Barry Smitherman

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Barry Thomas Smitherman
Texas Railroad Commissioner
In office
July 8, 2011 – January 2015
Governor Rick Perry
Preceded by Michael L. Williams
Succeeded by Ryan Sitton
Personal details
Born (1957-09-13) September 13, 1957 (age 60)
Highlands, Harris County
Texas, USA
Political party Republican
Spouse(s) Marijane Frede Smitherman (married 1987)
Children Four children
Residence Austin, Texas
Alma mater

Ross S. Sterling High School
Texas A&M University
University of Texas School of Law

John F. Kennedy School of Government
Occupation Lawyer

Barry Thomas Smitherman (born September 13, 1957) is a lawyer who served as a member and chairman of the Texas Railroad Commission from 2011 to 2015. A Republican, he was appointed to the commission on July 8, 2011 by then Governor Rick Perry to fill a vacant post; on February 28, 2012 he was elected chairman of the commission, which regulates not railroads but the Texas oil and gas industry.[1]

In 2013, Smitherman announced his candidacy to succeed Greg Abbott as state attorney general in the Republican primary election held on March 4, 2014, when Abbott polled 91.5 percent of the ballots cast to win the party's nomination for governor to succeed the retiring Rick Perry, who declined to seek a fourth full term.[2] Smitherman's opponents were State Senator Ken Paxton of McKinney in Collin County and State Representative Dan Branch of Dallas County.

Smitherman finished in third place with 281,064 votes (22.1 percent) in the primary race for attorney general.[3]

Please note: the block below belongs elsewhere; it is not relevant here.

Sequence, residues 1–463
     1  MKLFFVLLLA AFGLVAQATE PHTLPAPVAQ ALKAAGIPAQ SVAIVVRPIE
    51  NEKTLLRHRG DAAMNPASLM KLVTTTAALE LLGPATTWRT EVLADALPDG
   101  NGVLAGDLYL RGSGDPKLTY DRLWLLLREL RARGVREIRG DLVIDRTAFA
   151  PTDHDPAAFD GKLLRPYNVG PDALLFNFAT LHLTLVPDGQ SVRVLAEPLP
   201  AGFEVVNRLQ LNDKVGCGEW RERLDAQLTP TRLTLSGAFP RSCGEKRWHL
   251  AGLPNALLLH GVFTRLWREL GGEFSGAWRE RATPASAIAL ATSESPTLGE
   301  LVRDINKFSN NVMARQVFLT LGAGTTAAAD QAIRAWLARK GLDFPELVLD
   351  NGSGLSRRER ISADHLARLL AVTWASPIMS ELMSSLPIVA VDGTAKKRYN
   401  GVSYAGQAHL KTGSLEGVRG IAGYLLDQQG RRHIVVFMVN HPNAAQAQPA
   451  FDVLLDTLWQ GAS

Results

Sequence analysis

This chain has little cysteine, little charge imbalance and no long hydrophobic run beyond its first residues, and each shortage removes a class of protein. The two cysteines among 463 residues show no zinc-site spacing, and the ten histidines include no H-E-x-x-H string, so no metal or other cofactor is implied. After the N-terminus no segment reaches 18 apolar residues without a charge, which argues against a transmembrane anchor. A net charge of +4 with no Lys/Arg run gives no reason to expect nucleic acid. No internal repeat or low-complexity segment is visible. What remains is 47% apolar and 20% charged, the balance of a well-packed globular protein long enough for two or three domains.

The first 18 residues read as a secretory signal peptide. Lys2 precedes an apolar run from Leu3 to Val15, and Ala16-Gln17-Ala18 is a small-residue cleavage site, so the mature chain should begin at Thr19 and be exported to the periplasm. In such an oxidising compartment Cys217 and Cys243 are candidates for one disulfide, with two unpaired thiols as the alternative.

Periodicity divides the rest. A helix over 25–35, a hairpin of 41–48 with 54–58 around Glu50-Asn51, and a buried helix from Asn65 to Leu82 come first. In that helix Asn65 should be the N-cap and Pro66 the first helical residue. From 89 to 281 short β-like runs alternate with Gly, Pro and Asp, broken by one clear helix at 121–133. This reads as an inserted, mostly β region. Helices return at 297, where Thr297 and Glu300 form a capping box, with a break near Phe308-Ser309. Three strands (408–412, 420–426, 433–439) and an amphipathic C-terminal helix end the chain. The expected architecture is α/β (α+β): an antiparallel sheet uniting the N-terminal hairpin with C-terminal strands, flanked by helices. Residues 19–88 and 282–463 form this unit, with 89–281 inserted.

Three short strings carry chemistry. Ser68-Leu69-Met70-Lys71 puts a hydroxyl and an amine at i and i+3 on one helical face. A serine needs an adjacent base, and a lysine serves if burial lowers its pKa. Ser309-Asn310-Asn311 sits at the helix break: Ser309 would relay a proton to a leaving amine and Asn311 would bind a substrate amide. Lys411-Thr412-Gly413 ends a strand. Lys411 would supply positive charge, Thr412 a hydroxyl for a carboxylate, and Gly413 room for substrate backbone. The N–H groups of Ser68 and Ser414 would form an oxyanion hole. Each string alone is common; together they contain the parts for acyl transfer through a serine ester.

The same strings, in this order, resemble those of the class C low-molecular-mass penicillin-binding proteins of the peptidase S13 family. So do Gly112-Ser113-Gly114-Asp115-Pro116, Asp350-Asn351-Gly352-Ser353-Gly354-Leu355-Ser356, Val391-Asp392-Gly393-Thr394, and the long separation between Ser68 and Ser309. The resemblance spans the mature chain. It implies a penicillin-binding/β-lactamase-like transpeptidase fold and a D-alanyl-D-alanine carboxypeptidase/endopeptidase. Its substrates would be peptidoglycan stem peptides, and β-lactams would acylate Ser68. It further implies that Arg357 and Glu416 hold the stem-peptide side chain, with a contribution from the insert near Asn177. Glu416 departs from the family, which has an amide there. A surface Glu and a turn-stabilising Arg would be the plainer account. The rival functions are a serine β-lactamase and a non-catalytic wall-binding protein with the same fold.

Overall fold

Smitherman was reared in Highlands in Harris County on the east side of Houston, Texas. He graduated from Ross S. Sterling High School in Baytown, Texas. He then received a Bachelor of Business Administration summa cum laude from Texas A&M University at College Station. Thereafter, he obtained his Juris Doctor from the University of Texas School of Law in Austin, while he worked at the state capitol for a state senator, Lindon Williams, a Democrat. Smitherman further received a Master of Public Administration degree from the John F. Kennedy School of Government at Harvard University. There he was awarded the first Joel Leff Fellowship in Political Economy.[4]

Smitherman began a career in banking, where he held leadership positions for First Boston, Lazard, and J.P. Morgan Securities, and eventually rose to become the head of Bank One's national municipal finance group[5] before he was fired in April 2002. Bank One's stated reason for the termination was that Smitherman had failed to get company approval before he co-authored an opinion column in the Houston Chronicle with two conservative Houston city council members, in which the authors discussed how the city could improve its credit rating.[6][7] In January 2003, Smitherman became a prosecutor in the Harris County District Attorney’s office,[8] and in May 2003 Perry named him to the board of the Texas Public Finance Authority.[9]

In April 2004, Governor Perry named Smitherman to the Texas Public Utility Commission.[8] He became the chairman of that body in November 2007.[10]

Railroad Commission[edit]

After seven years at the PUC, where Smitherman was seen as an advocate of deregulation, he left in July 2011 when Perry appointed him to the Railroad Commission to fill the position vacated by Republican Michael L. Williams, an unsuccessful candidate in 2012 for the United States House of Representatives.[11][12] He was elected as chairman of the commission on February 28, 2012, after the departure of Elizabeth Ames Jones to run for the state senate.[13]

Smitherman's term expired in January 2015. He was succeeded by Ryan Sitton of Friendswood, who serves with two other Republicans, David J. Porter of Lee County, who unseated former commissioner Victor G. Carrillo in the Republican primary in 2010 but is retiring effective January 2017, and Christi Craddick of Austin, who was elected in 2012 to fill the seat formerly held by Elizabeth Ames Jones but occupied in the preceding interim months by Buddy Garcia of Austin.

2012 election[edit]